Music 2 Empower: The Power of Music in Mental Health Recovery
The power of music to aid mental health recovery is being used as a creative therapy to help patients at Cygnet Health Care.
Music plays a fundamental part of most people’s lives as it can shape our identity, culture, heritage and spiritual beliefs. Many of us listen to music for relaxation and leisure and it can affect people deeply. Harnessing the power of music through therapy can also help people across mental health care settings, where it is used to promote improvements in people’s social relations and connectedness, as well as building confidence and self-esteem.
Andrew is a patient who was supported by Cygnet’s service in Taunton in the U.K. where he recorded a video about his music and the therapeutic benefits. He describes how music supported him through his recovery.
“I suffer from quite severe depression and music has helped keep my head above the water,” explained Andrew. “It literally kept me alive at times when I felt I could find no other good reason to carry on.”
“I suffer from quite severe depression and music has helped keep my head above the water.”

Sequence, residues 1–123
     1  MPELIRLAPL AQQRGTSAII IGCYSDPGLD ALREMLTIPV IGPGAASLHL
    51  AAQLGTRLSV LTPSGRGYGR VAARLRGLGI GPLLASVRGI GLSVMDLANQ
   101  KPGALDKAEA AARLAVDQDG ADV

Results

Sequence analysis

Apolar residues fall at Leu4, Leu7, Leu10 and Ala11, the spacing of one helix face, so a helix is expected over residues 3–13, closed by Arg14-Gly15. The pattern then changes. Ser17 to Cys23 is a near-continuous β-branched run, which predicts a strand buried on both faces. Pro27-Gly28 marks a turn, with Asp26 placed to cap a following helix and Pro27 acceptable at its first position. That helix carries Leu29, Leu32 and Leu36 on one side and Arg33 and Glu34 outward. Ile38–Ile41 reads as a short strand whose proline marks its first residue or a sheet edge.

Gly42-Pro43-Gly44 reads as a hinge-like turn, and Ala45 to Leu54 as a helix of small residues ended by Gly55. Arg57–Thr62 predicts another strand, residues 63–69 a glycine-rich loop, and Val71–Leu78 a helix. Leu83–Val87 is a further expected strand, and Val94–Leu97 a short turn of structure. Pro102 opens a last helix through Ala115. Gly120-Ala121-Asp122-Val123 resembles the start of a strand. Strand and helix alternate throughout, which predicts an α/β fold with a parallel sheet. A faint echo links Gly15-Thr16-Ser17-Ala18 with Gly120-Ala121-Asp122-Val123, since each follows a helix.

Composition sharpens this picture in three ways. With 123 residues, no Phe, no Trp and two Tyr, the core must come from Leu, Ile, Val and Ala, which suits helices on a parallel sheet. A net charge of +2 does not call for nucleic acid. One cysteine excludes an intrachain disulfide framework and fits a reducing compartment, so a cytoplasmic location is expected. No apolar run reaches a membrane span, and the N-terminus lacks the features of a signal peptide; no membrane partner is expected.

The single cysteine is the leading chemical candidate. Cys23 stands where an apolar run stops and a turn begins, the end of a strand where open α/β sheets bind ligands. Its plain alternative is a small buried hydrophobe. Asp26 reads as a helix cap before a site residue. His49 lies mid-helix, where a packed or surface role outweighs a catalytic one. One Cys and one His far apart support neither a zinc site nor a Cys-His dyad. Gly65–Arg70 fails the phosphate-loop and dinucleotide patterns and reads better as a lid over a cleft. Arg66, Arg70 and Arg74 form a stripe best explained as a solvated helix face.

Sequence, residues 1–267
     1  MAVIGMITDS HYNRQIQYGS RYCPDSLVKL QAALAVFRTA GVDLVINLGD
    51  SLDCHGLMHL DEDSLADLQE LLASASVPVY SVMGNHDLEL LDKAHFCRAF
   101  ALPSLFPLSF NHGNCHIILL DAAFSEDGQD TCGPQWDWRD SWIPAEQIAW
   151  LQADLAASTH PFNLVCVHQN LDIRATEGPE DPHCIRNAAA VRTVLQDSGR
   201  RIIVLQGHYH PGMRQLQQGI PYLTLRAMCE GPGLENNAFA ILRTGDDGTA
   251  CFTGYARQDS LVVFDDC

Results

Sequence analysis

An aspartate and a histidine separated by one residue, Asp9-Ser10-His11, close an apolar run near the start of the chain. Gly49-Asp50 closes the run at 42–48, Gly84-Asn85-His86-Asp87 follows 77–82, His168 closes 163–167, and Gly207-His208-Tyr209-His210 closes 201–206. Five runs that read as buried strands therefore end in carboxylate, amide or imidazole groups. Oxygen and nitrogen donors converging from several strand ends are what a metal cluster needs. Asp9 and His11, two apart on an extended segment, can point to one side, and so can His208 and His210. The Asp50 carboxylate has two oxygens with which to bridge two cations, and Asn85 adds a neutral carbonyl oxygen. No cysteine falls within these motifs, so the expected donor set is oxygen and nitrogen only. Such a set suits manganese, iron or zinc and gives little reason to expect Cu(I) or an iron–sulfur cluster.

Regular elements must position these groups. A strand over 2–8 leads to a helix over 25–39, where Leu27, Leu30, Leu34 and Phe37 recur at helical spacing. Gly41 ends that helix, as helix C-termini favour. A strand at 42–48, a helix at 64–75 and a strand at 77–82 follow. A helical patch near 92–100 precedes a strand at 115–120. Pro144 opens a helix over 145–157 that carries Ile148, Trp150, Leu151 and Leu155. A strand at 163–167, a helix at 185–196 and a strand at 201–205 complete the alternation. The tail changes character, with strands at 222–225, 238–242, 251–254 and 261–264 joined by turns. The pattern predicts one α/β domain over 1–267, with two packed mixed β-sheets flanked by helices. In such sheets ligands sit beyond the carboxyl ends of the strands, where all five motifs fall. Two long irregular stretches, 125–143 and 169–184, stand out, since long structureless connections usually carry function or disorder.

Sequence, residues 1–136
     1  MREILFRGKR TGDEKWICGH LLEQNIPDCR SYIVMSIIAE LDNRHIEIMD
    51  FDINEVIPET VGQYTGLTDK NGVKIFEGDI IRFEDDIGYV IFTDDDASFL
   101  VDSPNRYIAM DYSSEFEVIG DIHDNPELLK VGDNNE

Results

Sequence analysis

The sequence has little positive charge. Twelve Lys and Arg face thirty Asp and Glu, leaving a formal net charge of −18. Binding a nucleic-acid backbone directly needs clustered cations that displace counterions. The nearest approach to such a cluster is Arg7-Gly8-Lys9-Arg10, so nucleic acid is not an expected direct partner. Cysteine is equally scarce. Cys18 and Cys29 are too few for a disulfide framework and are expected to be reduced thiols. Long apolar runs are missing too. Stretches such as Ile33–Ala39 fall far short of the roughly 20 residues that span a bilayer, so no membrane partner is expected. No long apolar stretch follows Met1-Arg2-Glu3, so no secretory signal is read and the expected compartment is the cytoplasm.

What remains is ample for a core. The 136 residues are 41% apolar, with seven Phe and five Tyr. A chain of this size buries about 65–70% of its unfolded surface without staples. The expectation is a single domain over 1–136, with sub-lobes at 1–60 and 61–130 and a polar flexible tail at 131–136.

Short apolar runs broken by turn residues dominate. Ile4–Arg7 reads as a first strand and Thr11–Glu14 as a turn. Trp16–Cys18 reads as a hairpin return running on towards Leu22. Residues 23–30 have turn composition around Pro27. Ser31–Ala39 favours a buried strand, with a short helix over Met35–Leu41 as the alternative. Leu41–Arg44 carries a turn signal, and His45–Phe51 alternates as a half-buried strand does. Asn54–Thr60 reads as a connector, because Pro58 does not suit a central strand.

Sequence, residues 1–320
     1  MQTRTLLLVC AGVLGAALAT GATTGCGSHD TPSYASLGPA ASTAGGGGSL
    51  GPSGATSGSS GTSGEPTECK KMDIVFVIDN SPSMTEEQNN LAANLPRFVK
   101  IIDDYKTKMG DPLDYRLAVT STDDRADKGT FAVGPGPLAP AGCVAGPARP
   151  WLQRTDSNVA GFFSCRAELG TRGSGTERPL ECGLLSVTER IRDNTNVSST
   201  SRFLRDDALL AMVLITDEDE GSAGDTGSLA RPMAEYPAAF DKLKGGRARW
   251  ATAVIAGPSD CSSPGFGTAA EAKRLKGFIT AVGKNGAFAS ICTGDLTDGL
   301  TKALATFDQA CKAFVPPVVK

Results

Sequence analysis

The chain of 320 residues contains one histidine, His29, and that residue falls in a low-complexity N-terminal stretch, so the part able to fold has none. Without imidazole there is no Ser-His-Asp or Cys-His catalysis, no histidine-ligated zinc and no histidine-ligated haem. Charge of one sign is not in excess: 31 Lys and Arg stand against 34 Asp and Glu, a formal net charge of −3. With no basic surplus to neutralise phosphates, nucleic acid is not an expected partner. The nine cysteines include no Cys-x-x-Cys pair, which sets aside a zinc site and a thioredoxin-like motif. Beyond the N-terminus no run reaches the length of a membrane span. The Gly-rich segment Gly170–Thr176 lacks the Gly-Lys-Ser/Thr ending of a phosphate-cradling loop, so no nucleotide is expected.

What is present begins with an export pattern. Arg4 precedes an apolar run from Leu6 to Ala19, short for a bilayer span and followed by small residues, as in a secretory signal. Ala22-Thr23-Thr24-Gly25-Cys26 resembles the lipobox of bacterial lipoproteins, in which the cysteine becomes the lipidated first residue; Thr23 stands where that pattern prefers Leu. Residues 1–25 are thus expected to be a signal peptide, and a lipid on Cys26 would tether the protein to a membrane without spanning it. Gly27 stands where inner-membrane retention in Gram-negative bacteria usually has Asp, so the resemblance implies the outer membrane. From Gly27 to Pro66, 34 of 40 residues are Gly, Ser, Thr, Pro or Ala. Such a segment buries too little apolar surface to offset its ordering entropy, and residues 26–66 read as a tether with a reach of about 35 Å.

Patient, Cygnet Hospital Taunton
Speaking about the opportunities provided to him by Cygnet Health Care, including access to musical instruments and a space to perform, Andrew said, “I’ve never had a set of camera lights on me before, nor have I recorded a song on film or done an interview, so it’s a first on all counts. Cygnet has made it possible for me.”
Music 2 Empower has seen the diverse talents of Cygnet service users celebrated on BBC Radio and through media outlets across the U.K.
Cygnet’s Expert By Experience lead, Raf Hamaizia, said, “With an established and growing body of evidence demonstrating its importance for people experiencing mental ill health, music therapy offers a major opportunity for individuals to put themselves at the heart of their recovery. I’ve seen first-hand how music can help achieve this, empowering people to address problems rooted in their past, opening up channels of communication and helping people to share their story and talk about their feelings and experiences.”
Through Cygnet’s recovery colleges and therapeutic services, individuals are encouraged to play, write, perform and share music. Cygnet also enables people to record their music professionally in recording studios and make short films to showcase the diversity of music and talent across our different services.
“In individual and group settings, we have found that music therapy can cultivate a sense of hope and support that reduces isolation, promotes greater understanding and allows people to express themselves creatively,” said Hamaizia. “Crucially, music helps to build a sense of connectivity to yourself and your community – something that is vital for individuals in mental health care settings.”